The sun has been more restless lately. Scientists have been predicting an upswing in volatile solar behavior, and experts warn that “everything that plugs into a wall socket” could be at risk if the products of a “coronal mass ejection” hit the planet.
A huge coronal mass ejection hit the Earth in 1859, inducing dangerous sparks in telegraph offices, some of which burned to the ground. In 1921, the planet saw a similar episode.
But humans now rely much more on vast, interconnected electricity grids. A lesser solar event in 1989 knocked out electric power to millions in Quebec. A National Academy of Sciences study warned in 2009 that a large-scale geomagnetic storm could end electric power to millions and permanently damage power-grid equipment, costing up to $2 trillion during the first year of recovery. Even access to potable water and toilet facilities could be limited because the electric pumps that drive public water systems could be knocked out.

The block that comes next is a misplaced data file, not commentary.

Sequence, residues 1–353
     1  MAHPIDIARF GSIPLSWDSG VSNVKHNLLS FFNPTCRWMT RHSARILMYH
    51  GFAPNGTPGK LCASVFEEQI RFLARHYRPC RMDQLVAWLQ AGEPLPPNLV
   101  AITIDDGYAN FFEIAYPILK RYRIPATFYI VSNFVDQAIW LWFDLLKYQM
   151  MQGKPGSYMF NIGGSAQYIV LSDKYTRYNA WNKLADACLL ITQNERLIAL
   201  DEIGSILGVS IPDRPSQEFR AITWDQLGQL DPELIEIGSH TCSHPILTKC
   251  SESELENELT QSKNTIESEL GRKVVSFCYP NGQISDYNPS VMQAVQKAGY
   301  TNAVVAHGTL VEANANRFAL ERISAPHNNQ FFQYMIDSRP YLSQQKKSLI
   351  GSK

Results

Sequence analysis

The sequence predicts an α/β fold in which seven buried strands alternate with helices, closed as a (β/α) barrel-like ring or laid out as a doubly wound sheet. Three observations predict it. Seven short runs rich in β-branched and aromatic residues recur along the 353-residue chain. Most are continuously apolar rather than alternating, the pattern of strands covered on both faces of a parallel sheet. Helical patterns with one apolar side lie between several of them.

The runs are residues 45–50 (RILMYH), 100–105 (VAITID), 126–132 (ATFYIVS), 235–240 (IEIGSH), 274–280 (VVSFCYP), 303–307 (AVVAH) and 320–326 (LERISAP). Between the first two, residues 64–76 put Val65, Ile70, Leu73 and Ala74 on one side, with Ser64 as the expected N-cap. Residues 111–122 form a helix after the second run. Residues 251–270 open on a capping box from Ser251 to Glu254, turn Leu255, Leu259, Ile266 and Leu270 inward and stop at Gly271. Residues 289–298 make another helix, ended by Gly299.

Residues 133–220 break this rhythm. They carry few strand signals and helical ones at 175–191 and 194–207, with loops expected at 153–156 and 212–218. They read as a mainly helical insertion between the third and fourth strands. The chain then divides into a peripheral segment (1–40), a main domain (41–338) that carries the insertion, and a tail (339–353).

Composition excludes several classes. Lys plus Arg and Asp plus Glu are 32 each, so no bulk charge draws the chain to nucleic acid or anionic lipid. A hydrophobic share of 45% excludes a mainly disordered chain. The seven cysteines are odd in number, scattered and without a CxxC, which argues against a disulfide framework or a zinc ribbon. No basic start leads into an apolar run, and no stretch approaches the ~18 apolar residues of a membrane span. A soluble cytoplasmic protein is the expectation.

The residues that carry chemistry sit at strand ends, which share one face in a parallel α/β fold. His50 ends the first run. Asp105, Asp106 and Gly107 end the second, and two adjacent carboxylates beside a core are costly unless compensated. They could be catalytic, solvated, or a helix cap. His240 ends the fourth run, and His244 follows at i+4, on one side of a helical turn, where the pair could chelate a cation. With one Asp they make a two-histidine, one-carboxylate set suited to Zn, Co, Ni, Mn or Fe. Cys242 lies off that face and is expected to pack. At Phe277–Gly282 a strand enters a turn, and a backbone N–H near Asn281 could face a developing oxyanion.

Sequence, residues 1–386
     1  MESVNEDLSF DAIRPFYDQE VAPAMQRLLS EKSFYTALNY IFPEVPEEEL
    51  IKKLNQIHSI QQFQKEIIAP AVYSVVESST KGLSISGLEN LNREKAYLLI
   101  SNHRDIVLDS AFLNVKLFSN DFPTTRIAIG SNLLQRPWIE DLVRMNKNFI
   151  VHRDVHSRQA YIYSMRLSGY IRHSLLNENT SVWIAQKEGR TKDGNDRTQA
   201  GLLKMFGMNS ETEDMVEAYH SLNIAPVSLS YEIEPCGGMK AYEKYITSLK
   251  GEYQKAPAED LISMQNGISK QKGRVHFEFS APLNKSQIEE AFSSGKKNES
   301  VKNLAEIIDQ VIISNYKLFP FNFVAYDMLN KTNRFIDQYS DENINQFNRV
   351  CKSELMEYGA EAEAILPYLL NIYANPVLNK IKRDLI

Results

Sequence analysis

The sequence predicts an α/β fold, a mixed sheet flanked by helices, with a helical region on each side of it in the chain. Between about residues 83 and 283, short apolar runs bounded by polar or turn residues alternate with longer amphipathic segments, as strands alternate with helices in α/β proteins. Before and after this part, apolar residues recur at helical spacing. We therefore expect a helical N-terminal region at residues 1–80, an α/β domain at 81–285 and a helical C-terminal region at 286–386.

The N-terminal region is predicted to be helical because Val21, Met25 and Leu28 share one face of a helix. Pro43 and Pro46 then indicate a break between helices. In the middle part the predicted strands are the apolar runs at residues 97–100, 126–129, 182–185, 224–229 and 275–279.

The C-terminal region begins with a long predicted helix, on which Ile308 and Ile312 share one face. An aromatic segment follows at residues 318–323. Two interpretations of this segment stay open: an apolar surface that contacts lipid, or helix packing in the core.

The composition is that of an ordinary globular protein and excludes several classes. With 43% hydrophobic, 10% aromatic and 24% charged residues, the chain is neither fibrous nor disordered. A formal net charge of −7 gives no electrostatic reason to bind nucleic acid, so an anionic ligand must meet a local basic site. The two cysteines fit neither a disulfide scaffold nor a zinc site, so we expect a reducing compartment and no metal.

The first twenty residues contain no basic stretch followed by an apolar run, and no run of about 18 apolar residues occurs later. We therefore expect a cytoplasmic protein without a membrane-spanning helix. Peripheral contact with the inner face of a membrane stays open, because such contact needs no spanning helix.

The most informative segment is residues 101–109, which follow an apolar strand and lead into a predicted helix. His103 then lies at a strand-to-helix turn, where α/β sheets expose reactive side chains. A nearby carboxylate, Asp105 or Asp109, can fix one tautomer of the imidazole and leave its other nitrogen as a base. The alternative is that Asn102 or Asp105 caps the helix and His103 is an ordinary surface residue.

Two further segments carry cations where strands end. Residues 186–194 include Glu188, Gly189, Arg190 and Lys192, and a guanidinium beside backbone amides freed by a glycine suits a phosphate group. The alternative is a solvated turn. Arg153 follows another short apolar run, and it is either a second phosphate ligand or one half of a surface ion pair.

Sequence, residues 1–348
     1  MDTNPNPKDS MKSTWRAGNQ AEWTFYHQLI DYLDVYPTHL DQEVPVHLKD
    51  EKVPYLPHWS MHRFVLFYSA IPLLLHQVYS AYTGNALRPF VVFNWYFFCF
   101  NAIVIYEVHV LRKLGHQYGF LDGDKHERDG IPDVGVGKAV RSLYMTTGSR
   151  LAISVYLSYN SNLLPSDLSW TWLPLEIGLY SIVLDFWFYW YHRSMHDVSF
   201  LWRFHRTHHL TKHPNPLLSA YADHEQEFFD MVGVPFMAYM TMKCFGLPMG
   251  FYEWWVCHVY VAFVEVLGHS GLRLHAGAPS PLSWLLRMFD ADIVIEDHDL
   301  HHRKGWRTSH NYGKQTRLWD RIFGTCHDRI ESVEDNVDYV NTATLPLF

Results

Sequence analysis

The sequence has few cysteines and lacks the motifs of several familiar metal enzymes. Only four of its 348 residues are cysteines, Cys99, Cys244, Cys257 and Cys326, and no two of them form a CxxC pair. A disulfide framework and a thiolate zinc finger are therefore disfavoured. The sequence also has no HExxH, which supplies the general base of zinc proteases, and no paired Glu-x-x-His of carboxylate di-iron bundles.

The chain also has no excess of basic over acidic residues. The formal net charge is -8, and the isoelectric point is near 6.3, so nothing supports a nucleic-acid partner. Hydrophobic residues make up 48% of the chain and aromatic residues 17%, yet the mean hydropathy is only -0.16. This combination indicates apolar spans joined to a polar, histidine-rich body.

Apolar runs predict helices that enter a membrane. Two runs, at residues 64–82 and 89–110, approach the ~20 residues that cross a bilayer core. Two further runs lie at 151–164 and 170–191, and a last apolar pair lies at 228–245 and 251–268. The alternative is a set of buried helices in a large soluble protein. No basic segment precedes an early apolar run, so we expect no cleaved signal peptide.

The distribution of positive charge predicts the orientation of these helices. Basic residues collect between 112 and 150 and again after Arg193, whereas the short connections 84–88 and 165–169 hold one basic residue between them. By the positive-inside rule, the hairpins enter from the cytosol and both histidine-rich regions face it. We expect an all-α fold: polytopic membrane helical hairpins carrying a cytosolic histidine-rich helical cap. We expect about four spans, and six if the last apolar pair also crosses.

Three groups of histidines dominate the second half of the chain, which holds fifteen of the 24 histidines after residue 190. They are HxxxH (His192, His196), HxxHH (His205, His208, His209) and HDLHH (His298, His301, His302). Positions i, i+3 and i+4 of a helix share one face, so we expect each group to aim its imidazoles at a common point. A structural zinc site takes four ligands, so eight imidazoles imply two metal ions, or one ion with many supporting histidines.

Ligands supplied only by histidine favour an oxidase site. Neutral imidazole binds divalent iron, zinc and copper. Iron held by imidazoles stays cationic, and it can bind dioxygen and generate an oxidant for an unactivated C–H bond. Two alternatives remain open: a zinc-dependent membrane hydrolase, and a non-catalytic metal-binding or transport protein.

The world should do more to ensure that scientists have the tools they need to anticipate space weather. With some warning, for example, electrical grid operators can adjust the systems they control to avoid damaging “ground currents” induced by large coronal mass ejections. NASA maintains the Space Weather Prediction Center, though with a tiny budget. And funding constraints perpetually threaten to erode the coverage of satellite-based sensors that monitor all sorts of phenomena on Earth and elsewhere.
Congress has a poor record of remembering to keep these sorts of important scientific tools in mind at funding time. For a variety of reasons, lawmakers must take a wider view.